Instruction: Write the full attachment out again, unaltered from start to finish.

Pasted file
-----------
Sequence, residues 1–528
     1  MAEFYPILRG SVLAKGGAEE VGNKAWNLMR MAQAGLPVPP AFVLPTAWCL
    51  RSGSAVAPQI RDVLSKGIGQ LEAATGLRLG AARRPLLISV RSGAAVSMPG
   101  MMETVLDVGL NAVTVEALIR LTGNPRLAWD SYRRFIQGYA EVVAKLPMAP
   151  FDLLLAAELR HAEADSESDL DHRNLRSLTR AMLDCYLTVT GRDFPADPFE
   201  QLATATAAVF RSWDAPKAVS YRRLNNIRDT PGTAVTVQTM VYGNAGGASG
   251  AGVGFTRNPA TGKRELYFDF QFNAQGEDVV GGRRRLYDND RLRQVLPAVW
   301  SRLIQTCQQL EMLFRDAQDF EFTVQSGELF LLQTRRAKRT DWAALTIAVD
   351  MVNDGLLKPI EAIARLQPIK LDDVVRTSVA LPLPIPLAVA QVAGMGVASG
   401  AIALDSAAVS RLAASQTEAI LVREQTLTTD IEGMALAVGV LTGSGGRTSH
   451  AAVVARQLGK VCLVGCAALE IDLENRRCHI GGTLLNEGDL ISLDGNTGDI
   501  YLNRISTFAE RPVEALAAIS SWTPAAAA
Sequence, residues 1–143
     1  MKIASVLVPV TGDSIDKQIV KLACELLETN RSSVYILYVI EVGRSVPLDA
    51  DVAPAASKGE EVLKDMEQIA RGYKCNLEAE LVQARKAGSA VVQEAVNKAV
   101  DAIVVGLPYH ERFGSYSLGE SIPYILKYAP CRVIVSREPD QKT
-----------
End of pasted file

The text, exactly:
Sequence, residues 1–528
     1  MAEFYPILRG SVLAKGGAEE VGNKAWNLMR MAQAGLPVPP AFVLPTAWCL
    51  RSGSAVAPQI RDVLSKGIGQ LEAATGLRLG AARRPLLISV RSGAAVSMPG
   101  MMETVLDVGL NAVTVEALIR LTGNPRLAWD SYRRFIQGYA EVVAKLPMAP
   151  FDLLLAAELR HAEADSESDL DHRNLRSLTR AMLDCYLTVT GRDFPADPFE
   201  QLATATAAVF RSWDAPKAVS YRRLNNIRDT PGTAVTVQTM VYGNAGGASG
   251  AGVGFTRNPA TGKRELYFDF QFNAQGEDVV GGRRRLYDND RLRQVLPAVW
   301  SRLIQTCQQL EMLFRDAQDF EFTVQSGELF LLQTRRAKRT DWAALTIAVD
   351  MVNDGLLKPI EAIARLQPIK LDDVVRTSVA LPLPIPLAVA QVAGMGVASG
   401  AIALDSAAVS RLAASQTEAI LVREQTLTTD IEGMALAVGV LTGSGGRTSH
   451  AAVVARQLGK VCLVGCAALE IDLENRRCHI GGTLLNEGDL ISLDGNTGDI
   501  YLNRISTFAE RPVEALAAIS SWTPAAAA
Sequence, residues 1–143
     1  MKIASVLVPV TGDSIDKQIV KLACELLETN RSSVYILYVI EVGRSVPLDA
    51  DVAPAASKGE EVLKDMEQIA RGYKCNLEAE LVQARKAGSA VVQEAVNKAV
   101  DAIVVGLPYH ERFGSYSLGE SIPYILKYAP CRVIVSREPD QKT